Hiring a doula can ensure you have the correct support for you-whether it is emotional support or practical, or maybe a combination of the two, alongside educational elements to ensure you can make an informed decision in your birth choices. Confidentiality is an important aspect of a doula’s work, and you can be assured your decisions will be supported, no matter what they are. For more information and doula support in Stockport, Greater Manchester, Cheshire and other North West areas please see the Doula Services page-get in touch if you do not see your area mentioned.In days gone by, mothers, aunts, friends, neighbours would provide the role of a doula to expectant mums without even having to think about it. Heating towels, cooling flannels, preparing nesting areas, fetching drinks and snacks. Listening, supporting, holding, nurturing mum into the transitional experience of birth.Why hire a doula? Well, it is quite simple really, who wouldn’t you want an extra pair of hands around, an extra listening ear, an extra shoulder to cry on…women and childbirth in the 21stC sometimes need additional support to enable informed decisions due to the diverse methods of intervention which are now available, but not always necessary and can, in the majority of births, be avoided with robust information to make informed birth decisions. An important element of being a  doula is the ability to listen to your concerns whilst making informed decisions, ensure you have the information to make those decisions and advocate for you where needed to ensure your voice is echoed.A doulas role is diverse-each birth is individual and therefore has different elements of need. Some may want a hands on approach in the home to support her family, older siblings and husband, while she births and gets to know her new baby in the early days-maybe cook a meal or two or fill your freezer with nutritional meals, some infant feeding or breastfeeding support or just to pop the washer on. Another element is purely emotional support, just ‘being there’ matters, listening to your story; consistent support is a primal need of human beings to feel reassured. The nurturing presence of a doula can support the transitional nature of birth and ensure the primal nature and privacy of birth are protected.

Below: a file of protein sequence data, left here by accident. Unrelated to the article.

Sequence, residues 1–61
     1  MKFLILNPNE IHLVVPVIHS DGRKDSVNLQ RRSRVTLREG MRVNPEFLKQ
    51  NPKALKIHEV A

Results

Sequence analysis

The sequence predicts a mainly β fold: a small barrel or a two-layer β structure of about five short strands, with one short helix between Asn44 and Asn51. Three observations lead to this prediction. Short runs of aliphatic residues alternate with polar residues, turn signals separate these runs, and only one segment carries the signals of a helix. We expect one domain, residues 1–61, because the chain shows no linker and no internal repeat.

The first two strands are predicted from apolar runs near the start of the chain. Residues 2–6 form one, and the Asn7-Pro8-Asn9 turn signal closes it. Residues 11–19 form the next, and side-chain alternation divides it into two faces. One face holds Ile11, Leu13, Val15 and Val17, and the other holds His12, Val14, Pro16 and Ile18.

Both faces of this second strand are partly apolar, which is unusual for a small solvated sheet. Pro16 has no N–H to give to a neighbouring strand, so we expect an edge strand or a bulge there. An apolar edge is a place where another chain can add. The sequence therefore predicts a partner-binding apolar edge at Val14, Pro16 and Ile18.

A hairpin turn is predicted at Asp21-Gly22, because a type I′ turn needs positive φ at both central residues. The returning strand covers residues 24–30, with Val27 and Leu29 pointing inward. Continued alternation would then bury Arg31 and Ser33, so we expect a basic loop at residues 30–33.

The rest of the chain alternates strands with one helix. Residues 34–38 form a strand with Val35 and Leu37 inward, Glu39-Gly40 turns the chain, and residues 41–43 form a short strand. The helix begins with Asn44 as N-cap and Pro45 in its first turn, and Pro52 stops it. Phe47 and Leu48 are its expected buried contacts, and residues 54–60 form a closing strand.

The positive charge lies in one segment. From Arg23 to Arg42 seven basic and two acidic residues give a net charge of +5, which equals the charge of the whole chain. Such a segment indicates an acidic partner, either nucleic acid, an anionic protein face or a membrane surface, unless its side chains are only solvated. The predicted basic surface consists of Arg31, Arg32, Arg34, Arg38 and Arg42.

Nikki Mather is a Birth and Postnatal Doula providing doula support in Stockport, Wilmslow, Macclesfield, Knutsford and wider areas of Cheshire as well as other counties across the North West including Greater Manchester, Derbyshire and parts of West Yorkshire. Feel free to contact Nikki for more information